By Josh Benjamin and Morgan Holt 

Site work on the highly anticipated Sheetz gas station and convenience store is expected to begin in December, said Lexington Planning Director Michael Zehner. Zehner hopes that the actual building will go up in January in time for the store to open at the beginning of May.

Sheetz is leasing 3.14 acres of land on East Nelson Street and U.S. Route 11 Bypass, from Nelson Street Realty, LLC, an affiliate of Morgan Property Group. Morgan Property Group purchased the land for $2.125 million from Marcus & Millichap, the nation’s largest commercial real estate brokerage firm, headquartered out of Calabasas, Calif.  The site at the traffic light of Walker and Nelson streets was formerly occupied by Pizza Hut, which has been relocated to 600 East Nelson St., east of the bypass.

“We could not be more excited for Sheetz and the people of Lexington,” said Trey Morgan, president of Morgan Property Group, in a press release from early October. “This is a great retailer coming to a great town. We’re happy to be a part of it.”

Last February, the Lexington Planning Commission approved 3-2 a plan to address traffic concerns involved in the construction of the new Sheetz. The plan will include updated traffic signals and an additional turning lane at the corner of Walker and Nelson, which will be paid for by Sheetz.

Jon Ellestad, city manager of Lexington, said that besides the Planning Commission’s ruling, the city does not yet have a definite plan for addressing the increase in traffic that Sheetz is expected to bring to the area. The location is on an already busy commercial stretch and adjacent to the on- and off-ramps for the Route 11 Bypass.

In addition, Sheetz gas stations often appeal to semi-trailer trucks because of the stations’ accommodating size, lower gas prices and convenience stores. Ellestad is unsure the area can support this kind of traffic because the site is smaller than an average Sheetz site, although he doesn’t think East Nelson Street will become gridlocked.

“We’re taking a ‘wait and see’ attitude in terms of what it’s going to do,” he said. “But it won’t help a situation that’s already not good.”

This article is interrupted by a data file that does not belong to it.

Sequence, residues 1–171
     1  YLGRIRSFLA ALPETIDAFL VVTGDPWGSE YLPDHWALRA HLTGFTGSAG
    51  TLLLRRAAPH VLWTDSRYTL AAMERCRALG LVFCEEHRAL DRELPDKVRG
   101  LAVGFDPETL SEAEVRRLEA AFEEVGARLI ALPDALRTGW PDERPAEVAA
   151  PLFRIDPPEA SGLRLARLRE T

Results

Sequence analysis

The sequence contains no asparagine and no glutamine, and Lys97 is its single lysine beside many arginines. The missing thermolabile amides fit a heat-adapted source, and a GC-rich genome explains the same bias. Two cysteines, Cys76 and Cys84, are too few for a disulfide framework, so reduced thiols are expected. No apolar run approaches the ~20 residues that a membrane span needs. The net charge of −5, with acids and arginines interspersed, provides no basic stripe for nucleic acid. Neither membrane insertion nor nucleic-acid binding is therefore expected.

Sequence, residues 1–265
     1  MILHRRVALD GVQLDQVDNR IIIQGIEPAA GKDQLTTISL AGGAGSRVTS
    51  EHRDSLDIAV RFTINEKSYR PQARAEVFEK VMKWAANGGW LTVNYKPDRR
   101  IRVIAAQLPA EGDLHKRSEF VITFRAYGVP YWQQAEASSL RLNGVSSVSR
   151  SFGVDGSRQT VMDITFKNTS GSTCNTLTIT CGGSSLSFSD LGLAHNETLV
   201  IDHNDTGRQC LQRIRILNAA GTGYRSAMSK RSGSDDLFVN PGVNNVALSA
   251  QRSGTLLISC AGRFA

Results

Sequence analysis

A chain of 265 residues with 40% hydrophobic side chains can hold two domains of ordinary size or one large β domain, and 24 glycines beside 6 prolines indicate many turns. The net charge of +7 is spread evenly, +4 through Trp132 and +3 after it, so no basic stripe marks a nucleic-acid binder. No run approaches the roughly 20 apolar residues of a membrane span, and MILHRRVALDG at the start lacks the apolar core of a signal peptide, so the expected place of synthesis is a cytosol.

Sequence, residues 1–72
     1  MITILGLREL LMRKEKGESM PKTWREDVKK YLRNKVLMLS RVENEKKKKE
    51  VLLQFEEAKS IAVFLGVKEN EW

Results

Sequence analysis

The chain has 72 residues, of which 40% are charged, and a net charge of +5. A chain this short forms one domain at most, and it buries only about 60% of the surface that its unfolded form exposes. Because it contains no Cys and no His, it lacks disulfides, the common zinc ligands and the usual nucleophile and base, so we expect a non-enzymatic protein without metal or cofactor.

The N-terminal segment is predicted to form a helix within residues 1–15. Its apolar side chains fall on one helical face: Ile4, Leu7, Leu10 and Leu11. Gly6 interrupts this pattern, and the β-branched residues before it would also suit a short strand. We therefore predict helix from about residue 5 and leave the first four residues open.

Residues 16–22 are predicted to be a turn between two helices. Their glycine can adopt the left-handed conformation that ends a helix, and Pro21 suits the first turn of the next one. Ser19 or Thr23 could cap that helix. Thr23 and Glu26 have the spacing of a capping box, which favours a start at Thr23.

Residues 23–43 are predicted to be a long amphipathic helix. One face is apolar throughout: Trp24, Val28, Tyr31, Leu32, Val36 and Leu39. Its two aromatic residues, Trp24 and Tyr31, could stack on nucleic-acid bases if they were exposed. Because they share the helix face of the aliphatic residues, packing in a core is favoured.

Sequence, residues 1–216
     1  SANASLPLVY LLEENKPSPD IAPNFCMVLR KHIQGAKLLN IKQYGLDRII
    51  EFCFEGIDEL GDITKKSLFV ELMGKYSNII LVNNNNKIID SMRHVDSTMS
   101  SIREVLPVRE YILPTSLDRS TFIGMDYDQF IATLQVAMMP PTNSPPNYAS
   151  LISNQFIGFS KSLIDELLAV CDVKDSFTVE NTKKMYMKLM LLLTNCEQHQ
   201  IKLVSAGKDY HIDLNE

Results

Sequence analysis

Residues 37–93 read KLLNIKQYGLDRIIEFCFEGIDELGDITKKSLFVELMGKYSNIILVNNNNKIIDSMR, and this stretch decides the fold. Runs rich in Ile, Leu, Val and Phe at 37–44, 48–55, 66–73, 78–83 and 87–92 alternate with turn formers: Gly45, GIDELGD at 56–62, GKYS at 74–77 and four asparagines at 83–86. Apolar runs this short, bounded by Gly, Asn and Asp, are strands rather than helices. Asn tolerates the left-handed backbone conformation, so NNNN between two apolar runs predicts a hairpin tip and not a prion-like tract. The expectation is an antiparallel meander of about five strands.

The new Sheetz may also affect other businesses in the area, said Ellestad. Traffic backups are a primary concern for nearby stores such as CVS, Frank’s, and Wendy’s, whose parking lots enter and exit East Nelson Street without a direct traffic light. Ellestad hopes the Planning Commission’s approved changes will help maximize the flow of traffic.

While Zehner predicts that construction will be confined to the site, he said there could also be some additional traffic delays once site work begins.

Improvements to the intersection of Walker and Nelson streets are expected with the addition of the Sheetz gas station. An updated traffic signal and an additional turning lane are a part ofthe plan. Photo by: Josh Benjamin and Morgan Holt

“As long as they’re coordinating with the police department on stuff like when big trucks need to come in, we shouldn’t have any big issues,” he said.

Another concern is an increase in competition for businesses in the area. Sheetz is a family-owned company that offers a combination of a gas station, convenience store and fast food restaurant.  Based out of Altoona, Pa., the company has become one of America’s fastest growing restaurant chains with more than $5 billion in annual revenues and 15,000 employees.  

According to Morgan Property Group’s press release, the company operates more than 400 stations throughout Pennsylvania, North Carolina, Maryland, Virginia, Ohio and West Virginia and, with this new location, it will expand its footprint along the highway corridors of Virginia. Sheetz stores are known for their competitive gas prices.

While Ellestad is not convinced that gas prices will drop in the area after Sheetz’ arrival, he is worried about Midland Trail Pit Stop, the gas station across the Route 11 Bypass, east of the Sheetz.

Bonnie Cooper, manager of Pit Stop, said her gas station will lower costs to compete with Sheetz.

“We will pretty much stay within a couple of cents,” she said.  

Cooper said that she thinks, at first, everyone will be attracted to the Sheetz because of its novelty. But she remains confident that her customers will be loyal to a store they are familiar with.

“You’re always a little nervous because it’s competition and that’s a big name brand store,” she said. “But we deal with a lot of locals. Sheetz deals more with interstate traffic. I think we have enough loyal customers that we’ll be all right.”

Sheetz will also have a competitive advantage in terms of operating hours. All Sheetz stores are open 24 hours a day, whereas Pit Stop opens at 4:30 a.m. and closes at 11 p.m. Sunday through Thursday. On Fridays and Saturdays, the store closes at midnight.

Like Ellestad, Cooper is worried about the increase in traffic that the Sheetz will bring.

“They’re gonna have to do something, ‘cause this area’s already a mess,” she said. “I keep thinking, ‘How I’m gonna get to my bank from here?’”

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